This Too Shall Pass

In the past few months, as a global pandemic has effectively brought the world of travel to a grinding halt, we have all had to adapt in ways we never imagined. I was driving home from work in the middle of March when my state’s initial shut-down began. It was like something out of a movie. The roads were unsettlingly quiet. A vague feeling of apprehension hung in the still frigid spring air. When I turned into town and passed a large road sign, flashing “Stay At Home Order In Place,” I pulled over and sat for a moment, acknowledging the silence, appreciating the change in the air. I took a deep breath, and thought to myself “this too shall pass.” In the months that followed I cancelled trips. I de-cluttered my house. I grew a garden. I went for walks and wrote handwritten letters to friends. I assuaged my wanderlust by reading books about far off places. I worked on projects that had long been gathering dust in the recesses of my mind. Most of all, I sat back and reflected. I thought ahead to a new world, a new reality, and ways I would need to adapt. And I thought back to my experiences traveling, and how, in an ironic twist, they prepared me the most for these unprecedented times where I was forced to stay home.

(See also: Solo Travel vs Group Travel)

The future of travel is still so uncertain, and life may never go back to the way it was before. But I’m confident that we, as a community of travelers, will figure this out. Travel companies will find new, innovative ways to stay afloat. Travelers will think of creative, safer ways to explore. We will all continue to adapt, we will grow, and we will get through these turbulent times one way or another.

Finding Your Way

On my last international trip, just two months before COVID turned the world upside down, I had a mental breakdown. I was on a little boat, just off the coast of Cartagena, Colombia. It was a cloudless, gorgeous day. I was surrounded by good company and a lovely ocean breeze. We spent the day island hopping, swimming in the crystal waters, sipping coconut water from the husk, laughing and dancing. As we turned back toward the mainland at the end of the day, the wind picked up and the water suddenly became extremely choppy. I let out a nervous laugh the first time I was jostled from my seat. But when the next big wave hit, it was like a switch went off in my brain. I dove under a table where I lay in a fetal position, sobbing. The boat flew threw the air, hit a wave, and with each impact my stomach rolled over, threatening sickness. At one point I seriously contemplated jumping overboard, if only for a moment’s reprieve. I vaguely remember a friend holding me, trying to calm me down. The journey to shore lasted a thousand years. I was certain I was going to die. But this crisis, like all the others, did eventually come to an end. We returned to the mainland and I felt solid ground beneath my feet. The sea sickness faded, the fear subsided. By nightfall my friends and I were laughing at the spectacle I had caused.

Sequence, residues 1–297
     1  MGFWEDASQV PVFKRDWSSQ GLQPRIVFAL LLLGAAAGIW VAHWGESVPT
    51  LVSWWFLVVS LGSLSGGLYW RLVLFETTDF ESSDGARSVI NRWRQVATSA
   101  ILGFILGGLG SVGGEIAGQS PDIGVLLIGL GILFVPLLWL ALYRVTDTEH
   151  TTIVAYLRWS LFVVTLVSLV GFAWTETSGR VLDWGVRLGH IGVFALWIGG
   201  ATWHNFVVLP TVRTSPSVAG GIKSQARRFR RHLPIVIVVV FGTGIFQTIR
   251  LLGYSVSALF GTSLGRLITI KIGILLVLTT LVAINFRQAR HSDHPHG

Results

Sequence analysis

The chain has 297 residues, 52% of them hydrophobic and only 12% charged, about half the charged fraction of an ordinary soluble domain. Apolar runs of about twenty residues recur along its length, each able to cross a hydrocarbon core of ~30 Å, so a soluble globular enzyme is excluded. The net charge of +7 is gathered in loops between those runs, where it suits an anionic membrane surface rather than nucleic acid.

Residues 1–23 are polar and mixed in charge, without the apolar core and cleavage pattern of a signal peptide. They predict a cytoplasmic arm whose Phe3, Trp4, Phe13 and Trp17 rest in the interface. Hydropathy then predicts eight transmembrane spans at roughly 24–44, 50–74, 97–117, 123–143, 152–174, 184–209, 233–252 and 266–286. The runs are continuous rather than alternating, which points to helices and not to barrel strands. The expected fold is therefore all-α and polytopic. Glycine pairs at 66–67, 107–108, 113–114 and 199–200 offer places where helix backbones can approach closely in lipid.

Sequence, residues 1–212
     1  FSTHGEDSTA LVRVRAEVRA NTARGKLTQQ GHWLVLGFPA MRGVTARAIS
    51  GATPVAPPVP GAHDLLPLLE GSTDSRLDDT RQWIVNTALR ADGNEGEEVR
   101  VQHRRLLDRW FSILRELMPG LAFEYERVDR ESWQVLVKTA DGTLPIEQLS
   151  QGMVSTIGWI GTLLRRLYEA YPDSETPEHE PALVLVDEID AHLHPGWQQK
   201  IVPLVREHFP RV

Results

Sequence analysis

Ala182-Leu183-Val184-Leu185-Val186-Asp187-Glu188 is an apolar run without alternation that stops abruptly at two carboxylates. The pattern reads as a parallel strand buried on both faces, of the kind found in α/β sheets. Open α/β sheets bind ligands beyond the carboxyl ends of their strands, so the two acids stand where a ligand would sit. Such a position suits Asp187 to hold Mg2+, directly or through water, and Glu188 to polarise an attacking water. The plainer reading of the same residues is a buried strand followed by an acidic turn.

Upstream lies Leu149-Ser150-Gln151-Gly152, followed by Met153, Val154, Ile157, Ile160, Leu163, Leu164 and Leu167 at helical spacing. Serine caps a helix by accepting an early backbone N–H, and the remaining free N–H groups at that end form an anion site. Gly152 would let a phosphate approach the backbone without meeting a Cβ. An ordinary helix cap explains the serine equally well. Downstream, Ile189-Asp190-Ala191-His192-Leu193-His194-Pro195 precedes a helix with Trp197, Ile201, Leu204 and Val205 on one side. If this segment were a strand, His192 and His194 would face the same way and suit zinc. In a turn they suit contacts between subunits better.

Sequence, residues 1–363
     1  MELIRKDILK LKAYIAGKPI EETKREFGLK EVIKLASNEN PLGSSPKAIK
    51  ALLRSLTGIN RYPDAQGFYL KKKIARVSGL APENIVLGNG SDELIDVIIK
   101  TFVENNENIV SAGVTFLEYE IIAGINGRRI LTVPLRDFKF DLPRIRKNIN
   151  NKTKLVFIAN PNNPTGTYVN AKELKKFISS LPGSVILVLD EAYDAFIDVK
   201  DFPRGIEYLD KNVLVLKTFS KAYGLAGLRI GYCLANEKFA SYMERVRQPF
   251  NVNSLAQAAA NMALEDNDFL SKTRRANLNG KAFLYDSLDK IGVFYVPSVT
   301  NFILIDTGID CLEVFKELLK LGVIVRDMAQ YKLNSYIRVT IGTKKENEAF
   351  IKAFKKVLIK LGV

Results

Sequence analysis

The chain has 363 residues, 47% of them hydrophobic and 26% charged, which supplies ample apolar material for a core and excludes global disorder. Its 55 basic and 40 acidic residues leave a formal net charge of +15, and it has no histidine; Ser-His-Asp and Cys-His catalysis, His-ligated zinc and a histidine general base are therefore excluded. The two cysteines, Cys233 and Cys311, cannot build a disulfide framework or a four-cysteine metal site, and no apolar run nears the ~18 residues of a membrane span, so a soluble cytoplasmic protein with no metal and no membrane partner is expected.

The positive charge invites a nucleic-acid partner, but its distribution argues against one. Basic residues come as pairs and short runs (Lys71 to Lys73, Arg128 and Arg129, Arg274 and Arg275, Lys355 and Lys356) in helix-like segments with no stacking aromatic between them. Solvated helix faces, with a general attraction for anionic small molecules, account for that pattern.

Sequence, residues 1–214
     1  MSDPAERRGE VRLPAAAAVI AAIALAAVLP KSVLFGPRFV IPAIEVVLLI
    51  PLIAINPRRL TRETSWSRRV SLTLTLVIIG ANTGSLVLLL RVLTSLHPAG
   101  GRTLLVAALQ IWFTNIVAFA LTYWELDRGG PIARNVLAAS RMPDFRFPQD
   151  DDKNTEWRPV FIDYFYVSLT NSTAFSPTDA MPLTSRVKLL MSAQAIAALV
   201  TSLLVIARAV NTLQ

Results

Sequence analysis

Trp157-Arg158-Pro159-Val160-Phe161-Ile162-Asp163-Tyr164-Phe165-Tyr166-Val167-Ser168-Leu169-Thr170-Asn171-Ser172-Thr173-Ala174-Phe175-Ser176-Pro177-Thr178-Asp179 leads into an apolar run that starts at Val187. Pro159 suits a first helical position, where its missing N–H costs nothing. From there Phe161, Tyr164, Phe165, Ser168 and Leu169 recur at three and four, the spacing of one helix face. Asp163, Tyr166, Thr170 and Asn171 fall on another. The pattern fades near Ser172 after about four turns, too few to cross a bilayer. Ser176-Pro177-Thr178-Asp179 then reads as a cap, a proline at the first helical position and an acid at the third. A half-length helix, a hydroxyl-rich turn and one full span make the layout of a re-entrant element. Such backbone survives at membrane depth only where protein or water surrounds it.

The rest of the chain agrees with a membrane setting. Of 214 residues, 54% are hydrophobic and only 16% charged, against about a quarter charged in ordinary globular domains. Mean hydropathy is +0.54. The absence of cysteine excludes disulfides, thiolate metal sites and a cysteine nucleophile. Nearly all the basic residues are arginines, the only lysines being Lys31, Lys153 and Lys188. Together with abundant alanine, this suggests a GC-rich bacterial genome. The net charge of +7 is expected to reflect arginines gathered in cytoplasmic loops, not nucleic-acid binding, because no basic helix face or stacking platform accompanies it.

Would I get on that boat again? You bet I would. Because if travel has taught me anything, its that sometimes you have to work your way through the turbulent times to experience the best moments in life. As a traveler you will come up against an impenetrable wall – again and again – and you will find a way to the other side. If you’re afraid of heights, you will end up scaling a precarious rock because you’ve been told the view from the top is nothing short of spectacular. If crowds make you anxious, I guarantee you’ll one day be stuck somewhere with a large group of people and no exit in sight. You might get lost one day. Utterly, irreversibly, impossibly lost.

But you’ll find your way. We all will find our way.

Because that’s what we, as travelers, do best.